NEVADA MEDICAL GROUP MANAGEMENT ASSOCIATION

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  • 22 Feb 2016 12:28 PM | Deleted user

    CMS formally reaffirms 2015 MU hardship exception does not nullify incentive opportunity

    In direct response to MGMA, the Centers for Medicare & Medicaid Services published a formal FAQ stating that an eligible professional (EP) may submit a hardship exception application, while still remaining eligible for an incentive payment if they successfully attest for 2015 Meaningful Use (MU). MGMA continues to encourage all EPs to take advantage of this opportunity for the 2015 reporting year and apply for the hardship exception, even if they plan to attest. This simple process will provide an extra layer of protection against potential penalties. Review MGMA's member-benefit 2015 MU hardship exception resource.

    Key dates:

    • March 11, 2016 – 2015 MU attestation deadline
    • March 15, 2016 – 2015 MU hardship exception application deadline


  • 09 Feb 2016 8:30 AM | Deleted user

    This tip sheet was developed by Karen Massey (last updated on 2/9/2016) based on materials from the Nevada Office of Vital Records and is intended only as assistance. For specific rules and requirements, please contact the Nevada Office of Vital Records.

    The NV State Medical Association is working on the Death Certificate issue and has obtained some useful results such as help desk hours on the weekend. 

    Please CLICK HERE to view the Tip Sheet that I developed for our group's internal use, and I am happy to share it with my colleagues in MGMA.  There are only 4 tabs that require completion for providers, and that is not readily obvious within the system.  I hope you find it helpful and we will provide updates as we are able to make more advances on this issue.

    Karen Massey, MHA, FACMPE, CPMSM
    NV MGMA Legislative Liaison
    Executive Director, Northern Nevada Emergency Physicians

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Managing chronic care populations: Improve health & contain costs

April 29, 2019


Healthcare in the U.S. continues to move from volume-based care to value-based care. In the process, managing chronic disease has become both a universal imperative and a foundational element of a patient-focused population health program.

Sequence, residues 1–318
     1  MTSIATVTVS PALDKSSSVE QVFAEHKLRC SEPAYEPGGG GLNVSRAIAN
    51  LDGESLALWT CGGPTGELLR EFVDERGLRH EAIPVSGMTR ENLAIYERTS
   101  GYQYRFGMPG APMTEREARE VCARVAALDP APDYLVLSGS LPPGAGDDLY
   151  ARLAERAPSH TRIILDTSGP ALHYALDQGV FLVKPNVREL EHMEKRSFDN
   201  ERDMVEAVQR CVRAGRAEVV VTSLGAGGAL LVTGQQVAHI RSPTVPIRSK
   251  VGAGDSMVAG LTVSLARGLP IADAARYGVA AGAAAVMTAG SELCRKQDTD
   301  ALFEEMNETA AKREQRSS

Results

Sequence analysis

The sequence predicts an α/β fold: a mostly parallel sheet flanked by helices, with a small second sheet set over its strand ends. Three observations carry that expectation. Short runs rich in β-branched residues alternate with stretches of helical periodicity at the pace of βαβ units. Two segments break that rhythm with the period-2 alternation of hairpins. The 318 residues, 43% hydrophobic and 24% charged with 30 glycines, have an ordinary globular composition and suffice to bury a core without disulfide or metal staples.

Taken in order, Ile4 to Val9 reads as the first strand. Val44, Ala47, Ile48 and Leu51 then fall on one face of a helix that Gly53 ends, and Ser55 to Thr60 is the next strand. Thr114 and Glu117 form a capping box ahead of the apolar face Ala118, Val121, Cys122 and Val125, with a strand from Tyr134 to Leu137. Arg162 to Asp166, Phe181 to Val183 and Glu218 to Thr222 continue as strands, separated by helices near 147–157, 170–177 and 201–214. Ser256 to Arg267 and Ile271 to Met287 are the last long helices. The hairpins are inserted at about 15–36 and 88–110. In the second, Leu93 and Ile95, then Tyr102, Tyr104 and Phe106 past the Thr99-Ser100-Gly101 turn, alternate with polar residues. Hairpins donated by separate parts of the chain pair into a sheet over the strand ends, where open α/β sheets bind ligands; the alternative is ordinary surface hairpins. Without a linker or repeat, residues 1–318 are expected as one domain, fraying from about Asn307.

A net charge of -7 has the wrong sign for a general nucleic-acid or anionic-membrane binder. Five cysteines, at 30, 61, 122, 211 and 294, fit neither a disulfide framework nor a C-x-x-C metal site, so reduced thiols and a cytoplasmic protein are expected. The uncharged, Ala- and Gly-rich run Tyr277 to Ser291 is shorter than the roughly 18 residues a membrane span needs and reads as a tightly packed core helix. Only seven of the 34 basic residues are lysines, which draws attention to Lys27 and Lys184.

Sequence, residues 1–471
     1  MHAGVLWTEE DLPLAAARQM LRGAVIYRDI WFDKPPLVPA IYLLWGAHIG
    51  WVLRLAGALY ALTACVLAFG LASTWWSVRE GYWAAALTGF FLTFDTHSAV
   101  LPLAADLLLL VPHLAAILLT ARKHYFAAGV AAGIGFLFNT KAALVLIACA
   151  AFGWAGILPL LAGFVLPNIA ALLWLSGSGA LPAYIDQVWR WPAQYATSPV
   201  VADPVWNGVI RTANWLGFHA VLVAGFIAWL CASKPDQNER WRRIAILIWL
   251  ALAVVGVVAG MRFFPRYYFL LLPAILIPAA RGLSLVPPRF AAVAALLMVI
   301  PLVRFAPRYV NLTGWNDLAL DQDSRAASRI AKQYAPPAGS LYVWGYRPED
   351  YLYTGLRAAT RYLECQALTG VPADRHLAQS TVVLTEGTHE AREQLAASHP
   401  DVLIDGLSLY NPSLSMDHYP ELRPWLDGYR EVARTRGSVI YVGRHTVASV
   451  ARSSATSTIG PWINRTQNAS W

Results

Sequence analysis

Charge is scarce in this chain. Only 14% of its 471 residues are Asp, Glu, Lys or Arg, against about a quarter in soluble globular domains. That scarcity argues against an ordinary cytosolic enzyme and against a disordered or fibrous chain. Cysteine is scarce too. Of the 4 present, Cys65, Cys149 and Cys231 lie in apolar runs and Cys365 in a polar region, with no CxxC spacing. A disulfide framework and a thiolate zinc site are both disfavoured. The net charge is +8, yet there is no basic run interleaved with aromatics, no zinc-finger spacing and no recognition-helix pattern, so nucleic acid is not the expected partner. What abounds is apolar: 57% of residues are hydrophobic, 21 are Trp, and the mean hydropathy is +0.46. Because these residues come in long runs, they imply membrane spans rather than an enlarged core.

Leaders of many physician groups—including those partnered with multi-hospital systems—look for a solid, practical approach to chronic care management. Though difficult, practices are changing up their organizational structure to support alternative payment models that reward maintaining a healthy population.

This paper, a joint effort between Virence Health and Physicians Medical Center, PC, used a real-world example of how PMC introduced a successful population health program into its culture and, by doing so, made the shift to proactive, team-based care, allowing them to leverage their data and improve the lives of their patients.


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Three Environmental Factors Impacting the PPM Industry and Getting Deals Done

April 23, 2019


The PPM industry is by no means immune to the ebbs and flows of a traditional marketplace. Since the consolidation bubble burst in the 1990s, PPMs have gone from practically extinct to a once-again substantial component of the health care delivery system. But with greater influence comes more pressure to respond, and adapting to today’s complex operating environment requires those in the PPM industry to ensure they are building the foundational structure needed to help practices adapt to external factors and achieve long-term success.and achieve long-term success.

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Social determinants of health in an ACO for better population health

April 16, 2019


Valerie was a 31-year-old woman with uncontrolled diabetes, asthma, hypertension and was morbidly obese; she also had a history of trauma and depression. She increasingly was a no-show for appointments and would go to the emergency room instead of her primary care visits at Massachusetts General Hospital in Boston.

It wasn’t until Mass General implemented a social determinants of health (SDoH) survey that the providers learned that Valerie faced homelessness — until then, a P.O. box and a telephone number gave no indication of the larger issue in her life. They also learned that, despite being born and raised in Boston, Valerie could not read and write in English, her primary language.

Through SDoH work, Mass General staff were able to direct Valerie to emergency housing and ask what her goals were beyond health: Learning English, getting a job, securing an apartment and reuniting with her 3-year-old daughter, who was taken at birth due to Valerie being homeless.

As with most of us, social factors such as housing, education and a safe environment largely lead to better health outcomes.1 In Valerie’s case, her factors meant insufficient healthy food, lack of refrigeration for medication and issues with blood pressure heightened by living in a van and a lower sense of personal safety — all directly affecting the care providers working with Valerie.

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